Most amazingly though is that that squad that you can see there has been amassed for a fraction of the price of those squads of the ‘big four’ and Manchester City against whom we will hope to compete. The most payed for any one player on either of those lineups is about £14-15m that Moyes paid for Fellaini last season and indeed – if memory serves – only Fellaini and Yakubu have been acquired for fees larger than £10m whereas if you look at two of the strongest line-ups I can draw from Man City’s current squad:

City Lineup 1
Given
Richards|Lescott|Toure|Bridge
Phillips|Johnson|De Jong|Ireland
Robinho|Tevez
City Lineup 2
Taylor
Onuoha|Zabaleta|Garrido|Slyvinho
Barry|Kompany|Petrov
S.Cruz|Bellamy|Adebayor

…there is undoubtedly a lot of talent there, and those two teams are perhaps stronger than Everton’s two, but in those two sides there are no fewer than 11 players who cost them £10m or more. Of course, quality does usually cost money but I think it’s an incredible achievement that Moyes has managed to build a squad that will be able to compete with City’s for such a fractional comparative outlay. It shows that it isn’t all about money these days in football, though cold hard currency certainly quickens things up.

The result against BATE Borisov today then, was one that meant a hell of a lot to Everton Football Club. Not only has it continued our good form (that has seen us score 14 goals and concede just 1 in five games) but it has also given a clear indication that we are getting closer and closer to being able to seriously mount a challenge to the ‘big four’ and the Champions League, despite lacking the financial power of our rivals.

This has been Moyes’ goal since he joined the club, he’s gone about his job with dignity and skill and as an Evertonian, I’m delighted to see that we’ve shown that adversity can be overcome with perseverance. Life will always throw up problems in our path but if you want something badly enough and are willing to work towards it, success will come eventually. Football, ever a perfect analogy for life itself, has shown us that, and I look forward to seeing Moyes and Everton reap the rewards for their efforts.

Have your say:

What do you think? Has David Moyes assembled a squad capable of Champions League qualification or is he a few players short? Please leave your thoughts in a comment below…

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2 Responses to BATE Borisov 1-2 Everton: Match Analysis

  1. Tony Anetts says:

    Good analysis mate – I largely agree. The centre back pairing did very well; Fellaini was exceptional in a poor midfield that failed to present consistently for the ball – and when it did failed to hold on to it or push it anywhere but backwards. The forwards were pretty poor, although Yakubu looked a little threatening when he was able to take the ball back to goal and turn, noting that he only really got to do this from widish positions. Jo looks lost in our set-up and it must be annoying for him to find himself playing so poorly when he does eventually get a ball to feet. Gosling looked lost and doesn’t appear to naturally go where the danger will be – whether this is fatal to him being a right-back or can be learned I’m not sure. Cahill is not a right-half so I will not focus upon his performance there – but he did appear and score the decisive goal where most right-halves would have been watching from wider climbs, so all powewr to him. Osman really is struggling and I noticed that you damned him with less than faint praise, as you didn’t mention him. I like Osman – I like his quick feet and willingness to do what is asked of him. However, he is horrid at present and has been for almost two seasons – and particlarly so since he was pushed wide when Arteta moved into the middle. Something needs to give with Osman – he needs to find his game or role or he needs to start sitting on the bench – as he was a passenger wearing the Captain’s armband today.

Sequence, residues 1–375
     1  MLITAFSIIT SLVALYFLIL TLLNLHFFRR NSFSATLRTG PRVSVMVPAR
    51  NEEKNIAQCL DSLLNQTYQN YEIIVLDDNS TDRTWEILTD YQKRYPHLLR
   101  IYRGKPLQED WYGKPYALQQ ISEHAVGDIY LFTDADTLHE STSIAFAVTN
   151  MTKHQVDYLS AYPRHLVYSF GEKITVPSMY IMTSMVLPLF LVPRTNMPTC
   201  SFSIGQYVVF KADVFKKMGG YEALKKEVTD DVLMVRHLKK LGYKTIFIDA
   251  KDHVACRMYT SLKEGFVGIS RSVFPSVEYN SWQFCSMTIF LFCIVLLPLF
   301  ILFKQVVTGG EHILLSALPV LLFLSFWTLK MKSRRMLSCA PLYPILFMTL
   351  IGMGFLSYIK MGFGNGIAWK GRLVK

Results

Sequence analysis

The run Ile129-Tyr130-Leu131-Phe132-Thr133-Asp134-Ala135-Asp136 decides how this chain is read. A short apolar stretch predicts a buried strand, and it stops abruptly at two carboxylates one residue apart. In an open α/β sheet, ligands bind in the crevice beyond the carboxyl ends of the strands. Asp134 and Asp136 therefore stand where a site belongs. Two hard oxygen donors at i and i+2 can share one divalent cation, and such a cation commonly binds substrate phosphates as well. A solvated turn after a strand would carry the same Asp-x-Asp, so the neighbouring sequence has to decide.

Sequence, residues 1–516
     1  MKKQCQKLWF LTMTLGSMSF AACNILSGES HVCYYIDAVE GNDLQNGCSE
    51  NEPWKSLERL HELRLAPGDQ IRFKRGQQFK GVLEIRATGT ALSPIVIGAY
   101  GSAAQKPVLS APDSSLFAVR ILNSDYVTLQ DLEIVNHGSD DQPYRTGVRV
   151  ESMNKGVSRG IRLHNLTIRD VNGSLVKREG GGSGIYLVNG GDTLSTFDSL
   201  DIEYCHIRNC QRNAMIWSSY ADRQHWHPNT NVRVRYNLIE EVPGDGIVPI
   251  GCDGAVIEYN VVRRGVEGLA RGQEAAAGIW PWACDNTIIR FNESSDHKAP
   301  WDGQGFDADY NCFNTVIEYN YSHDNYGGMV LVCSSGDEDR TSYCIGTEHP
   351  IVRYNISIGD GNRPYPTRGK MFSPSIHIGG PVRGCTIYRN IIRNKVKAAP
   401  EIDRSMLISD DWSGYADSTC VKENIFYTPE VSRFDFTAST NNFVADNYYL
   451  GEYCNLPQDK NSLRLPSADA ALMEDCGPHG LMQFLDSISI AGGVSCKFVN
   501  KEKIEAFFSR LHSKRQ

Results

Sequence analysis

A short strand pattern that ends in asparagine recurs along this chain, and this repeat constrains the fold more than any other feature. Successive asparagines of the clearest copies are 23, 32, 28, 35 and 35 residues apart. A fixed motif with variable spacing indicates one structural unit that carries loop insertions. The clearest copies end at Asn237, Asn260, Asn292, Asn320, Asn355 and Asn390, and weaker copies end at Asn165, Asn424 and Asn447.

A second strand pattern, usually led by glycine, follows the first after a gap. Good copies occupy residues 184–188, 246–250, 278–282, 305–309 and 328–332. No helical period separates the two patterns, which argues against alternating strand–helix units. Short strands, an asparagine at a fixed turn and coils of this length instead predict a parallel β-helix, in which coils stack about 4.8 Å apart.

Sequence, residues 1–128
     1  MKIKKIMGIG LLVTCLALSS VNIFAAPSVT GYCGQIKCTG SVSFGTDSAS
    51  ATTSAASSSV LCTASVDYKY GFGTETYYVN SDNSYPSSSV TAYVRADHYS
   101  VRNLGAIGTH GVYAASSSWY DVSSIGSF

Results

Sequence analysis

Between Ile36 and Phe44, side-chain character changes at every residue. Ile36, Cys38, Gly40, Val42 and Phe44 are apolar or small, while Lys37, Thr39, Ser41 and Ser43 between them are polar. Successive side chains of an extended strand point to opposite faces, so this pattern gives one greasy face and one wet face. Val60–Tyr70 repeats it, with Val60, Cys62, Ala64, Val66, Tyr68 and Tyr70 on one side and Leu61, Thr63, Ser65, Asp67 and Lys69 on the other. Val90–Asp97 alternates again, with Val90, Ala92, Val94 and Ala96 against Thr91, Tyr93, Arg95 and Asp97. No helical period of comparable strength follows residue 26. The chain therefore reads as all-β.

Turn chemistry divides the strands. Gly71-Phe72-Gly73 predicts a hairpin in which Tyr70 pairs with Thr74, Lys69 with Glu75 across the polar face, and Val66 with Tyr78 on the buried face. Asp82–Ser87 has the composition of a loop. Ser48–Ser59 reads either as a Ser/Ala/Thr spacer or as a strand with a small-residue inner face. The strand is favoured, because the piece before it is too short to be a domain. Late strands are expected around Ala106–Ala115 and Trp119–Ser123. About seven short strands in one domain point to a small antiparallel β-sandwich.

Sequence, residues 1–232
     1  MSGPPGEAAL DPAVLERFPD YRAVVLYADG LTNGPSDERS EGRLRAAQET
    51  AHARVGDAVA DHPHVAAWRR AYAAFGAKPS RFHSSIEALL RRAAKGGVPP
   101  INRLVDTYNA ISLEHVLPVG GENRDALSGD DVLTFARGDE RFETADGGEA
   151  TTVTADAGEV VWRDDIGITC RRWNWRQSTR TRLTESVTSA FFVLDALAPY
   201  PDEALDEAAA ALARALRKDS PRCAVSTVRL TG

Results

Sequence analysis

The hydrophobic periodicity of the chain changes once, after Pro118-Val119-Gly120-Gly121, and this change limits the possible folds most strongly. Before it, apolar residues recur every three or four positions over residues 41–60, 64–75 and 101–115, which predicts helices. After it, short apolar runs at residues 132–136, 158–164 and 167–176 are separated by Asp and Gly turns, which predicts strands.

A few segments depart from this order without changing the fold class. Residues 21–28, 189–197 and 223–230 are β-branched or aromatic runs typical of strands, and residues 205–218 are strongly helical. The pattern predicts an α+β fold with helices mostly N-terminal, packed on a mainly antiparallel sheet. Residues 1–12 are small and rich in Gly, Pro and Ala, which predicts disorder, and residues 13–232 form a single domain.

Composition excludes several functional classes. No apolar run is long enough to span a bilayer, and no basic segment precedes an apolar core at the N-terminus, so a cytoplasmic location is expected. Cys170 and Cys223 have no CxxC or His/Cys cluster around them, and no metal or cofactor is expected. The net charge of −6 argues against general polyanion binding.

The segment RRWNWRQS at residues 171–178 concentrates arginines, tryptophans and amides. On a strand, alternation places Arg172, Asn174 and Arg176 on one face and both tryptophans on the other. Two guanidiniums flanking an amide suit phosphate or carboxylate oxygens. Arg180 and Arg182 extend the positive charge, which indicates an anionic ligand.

While I didn’t enjoy the method of our play, and thought that BATE were much more inventive and incisive going forward than us, I did enjoy the effort and determination on display. Not all games can be won with neat triangles and today’s was such a game, so well done on the result.

    Are we good enough to push on in the league? The short answer is no – not yet. We lack pace always and guile more often than not. We are high on organisation and low on inspiration. We rely heavily on three players (Arteta, Pienaar and Baines) for all of our creative play and we need to work out how to bring Bilyaletdinov (?) and Fellaini into the creative sphere without sacrificing structure and work rate. We are not top draw at this aspect of the game yet and until we are we will not progress up the league. By contrast, Spurs and Man City both have the creative aspects well embedded into their game (and did have last season as well) hence they score plenty of goals and move other teams around the park in response to their play. What they have both added this season is some rigidity and bite to their core defensive area – and because of this they will concede less soft/naive goals, making it difficult for us to compete with them for a genuine push at the Champions League. This is not criticism of Everton, just the reality of where we are in relation to our competitors – who have genuinely improved while we are much the same. Moyes is a couple of players short of being able to genuinely compete with the ball on the deck. How he will overcome this remains to be seen.

    By way of closure – a nice blog mate. A pleasure to read sensible debate on football matters related to Everton, rather than the overly negative and narrow views that dominate my regular site (TW). I’m an Everton tragic in Sydney so I sympathise on the early morings and addiction to the web.

  2. Dear Adam,
    During the match commentary it was revealed that whatsisname (Likhtarovich), the veteran Bate captain, has scored only seven goals in fifteen years. His last goal was two and a half years ago.
    I haven’t seen the post match interviews yet, but Moyes would do well to remember Fergie’s observation that conceding an early goal isn’t always a bad thing. It gives you all game to get back into it.
    Everton did very well, but at what cost?
    Jo is never going to run around a lot.
    Yakubu is much better than he has ever been given credit for.
    Cahill was off side, but they didn’t seem to complain much!
    Maybe I missed something?
    Man of the match for me was Hibbert.
    I’ve always regarded him as a bit of a donkey, but he was a tower of strength last night.
    When do the premier league predictions go up?